3 Tips to Explain Long Periods of Unemployment

IMG_1814Maybe you were laid off, took some time off to travel, or relocated with your family. Whatever the reason, if you’ve had a gap in your work history, the thought of going into an interview and possibly being asked “Why?” can be gut wrenching.

Here’s our advice for combating the dreaded question:

1. Have your answer scripted and rehearsed
You want to be honest and tell the truth about your reason for unemployment, but at the same time you don’t want to volunteer more information than necessary. With that said, if the interviewer asks you follow up questions after your answer, never be dishonest, the worst mistake you could make is to lie and it come back to bite you. Take your time and be skillful with your words when preparing your answer. You never want to speak illfully of past employers or companies, instead focus on telling them what you learned during your time out of the workforce.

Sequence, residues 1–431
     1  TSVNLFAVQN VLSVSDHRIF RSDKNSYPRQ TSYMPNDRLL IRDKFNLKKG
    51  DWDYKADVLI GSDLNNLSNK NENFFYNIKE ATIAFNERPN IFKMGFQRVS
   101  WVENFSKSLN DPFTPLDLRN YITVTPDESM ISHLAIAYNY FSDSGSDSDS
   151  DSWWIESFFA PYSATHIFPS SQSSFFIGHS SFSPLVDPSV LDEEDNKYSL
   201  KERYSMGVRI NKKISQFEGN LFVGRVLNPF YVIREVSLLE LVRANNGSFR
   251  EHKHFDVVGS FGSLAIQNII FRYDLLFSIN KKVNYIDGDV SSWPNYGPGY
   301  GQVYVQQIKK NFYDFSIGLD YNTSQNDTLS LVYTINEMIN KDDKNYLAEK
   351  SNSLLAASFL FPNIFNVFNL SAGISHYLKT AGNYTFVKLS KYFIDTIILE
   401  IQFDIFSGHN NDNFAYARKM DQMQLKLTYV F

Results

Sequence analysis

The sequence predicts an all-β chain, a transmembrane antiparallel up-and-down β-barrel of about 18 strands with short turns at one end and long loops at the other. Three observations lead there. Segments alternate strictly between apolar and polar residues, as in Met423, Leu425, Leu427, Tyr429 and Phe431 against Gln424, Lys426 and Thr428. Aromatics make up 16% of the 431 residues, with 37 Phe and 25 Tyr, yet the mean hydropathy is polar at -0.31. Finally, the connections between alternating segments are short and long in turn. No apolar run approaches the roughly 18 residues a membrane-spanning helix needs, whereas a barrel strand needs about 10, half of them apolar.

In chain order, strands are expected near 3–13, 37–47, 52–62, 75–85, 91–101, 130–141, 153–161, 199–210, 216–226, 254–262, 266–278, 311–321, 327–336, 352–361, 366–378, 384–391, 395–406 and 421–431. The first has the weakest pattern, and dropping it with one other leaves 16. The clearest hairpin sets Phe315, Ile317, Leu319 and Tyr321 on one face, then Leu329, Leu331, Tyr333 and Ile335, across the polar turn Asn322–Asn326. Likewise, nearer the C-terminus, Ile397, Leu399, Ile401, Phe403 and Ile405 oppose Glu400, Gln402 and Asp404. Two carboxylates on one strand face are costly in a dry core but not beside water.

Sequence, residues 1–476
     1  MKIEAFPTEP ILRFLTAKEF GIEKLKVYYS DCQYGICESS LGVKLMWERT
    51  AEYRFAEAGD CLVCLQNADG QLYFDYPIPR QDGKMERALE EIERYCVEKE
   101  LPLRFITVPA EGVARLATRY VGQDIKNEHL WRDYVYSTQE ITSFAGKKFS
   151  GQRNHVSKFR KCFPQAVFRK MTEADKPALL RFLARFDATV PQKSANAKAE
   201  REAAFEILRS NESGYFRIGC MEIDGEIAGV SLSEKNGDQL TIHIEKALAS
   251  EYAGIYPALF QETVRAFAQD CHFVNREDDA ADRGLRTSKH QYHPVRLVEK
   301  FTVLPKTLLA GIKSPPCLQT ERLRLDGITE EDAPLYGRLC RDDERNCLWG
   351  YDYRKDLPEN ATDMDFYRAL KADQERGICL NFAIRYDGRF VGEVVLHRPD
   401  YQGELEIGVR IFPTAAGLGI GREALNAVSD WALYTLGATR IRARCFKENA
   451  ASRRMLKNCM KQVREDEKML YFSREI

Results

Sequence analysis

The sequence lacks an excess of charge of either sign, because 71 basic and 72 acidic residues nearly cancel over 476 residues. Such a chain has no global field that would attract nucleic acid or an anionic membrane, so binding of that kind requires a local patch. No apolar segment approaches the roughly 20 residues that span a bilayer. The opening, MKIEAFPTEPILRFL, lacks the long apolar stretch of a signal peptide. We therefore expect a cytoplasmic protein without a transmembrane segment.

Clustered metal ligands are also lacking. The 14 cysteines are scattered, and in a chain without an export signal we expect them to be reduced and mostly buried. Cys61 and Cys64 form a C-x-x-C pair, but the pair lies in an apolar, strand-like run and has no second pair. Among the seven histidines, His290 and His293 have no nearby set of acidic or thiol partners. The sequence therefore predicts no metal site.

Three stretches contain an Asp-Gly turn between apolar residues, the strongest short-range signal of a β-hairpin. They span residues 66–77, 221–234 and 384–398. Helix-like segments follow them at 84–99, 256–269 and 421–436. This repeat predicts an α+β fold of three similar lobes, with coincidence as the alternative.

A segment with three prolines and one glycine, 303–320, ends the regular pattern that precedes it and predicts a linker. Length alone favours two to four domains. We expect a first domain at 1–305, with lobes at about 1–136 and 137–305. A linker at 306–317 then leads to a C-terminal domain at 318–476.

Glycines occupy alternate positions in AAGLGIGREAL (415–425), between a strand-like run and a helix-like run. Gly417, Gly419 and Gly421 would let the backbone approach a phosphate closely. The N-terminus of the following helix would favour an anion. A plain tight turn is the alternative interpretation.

2. Have a great pitch
Showcase yourself and your accomplishments in your interview so to take their mind off the gap in your unemployment. Talk about your strengths, skills, how you could be an asset to the company. Keep your pitch positive.

3. Spin it into a positive
Talk about everything you were able to do during your gap. Show that while you might not have had a full-time gig you continued to work on your career growth. Highlight any part-time, freelance, or volunteer jobs you were able to do. You want to show your interviewer that you were still being productive, and not becoming a couch potato.

By taking the time to develop well thought out statements covering the previously mentioned points, you’ll be able to breeze right on through any questions concerning your gap in employment.

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